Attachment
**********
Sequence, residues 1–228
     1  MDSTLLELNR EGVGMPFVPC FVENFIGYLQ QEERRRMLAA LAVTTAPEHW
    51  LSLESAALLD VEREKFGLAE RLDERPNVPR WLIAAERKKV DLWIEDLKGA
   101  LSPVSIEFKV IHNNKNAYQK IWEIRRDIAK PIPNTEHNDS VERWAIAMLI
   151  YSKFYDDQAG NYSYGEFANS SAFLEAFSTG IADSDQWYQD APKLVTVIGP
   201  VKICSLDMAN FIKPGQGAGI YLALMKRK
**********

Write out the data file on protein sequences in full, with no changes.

Sequence, residues 1–228
     1  MDSTLLELNR EGVGMPFVPC FVENFIGYLQ QEERRRMLAA LAVTTAPEHW
    51  LSLESAALLD VEREKFGLAE RLDERPNVPR WLIAAERKKV DLWIEDLKGA
   101  LSPVSIEFKV IHNNKNAYQK IWEIRRDIAK PIPNTEHNDS VERWAIAMLI
   151  YSKFYDDQAG NYSYGEFANS SAFLEAFSTG IADSDQWYQD APKLVTVIGP
   201  VKICSLDMAN FIKPGQGAGI YLALMKRK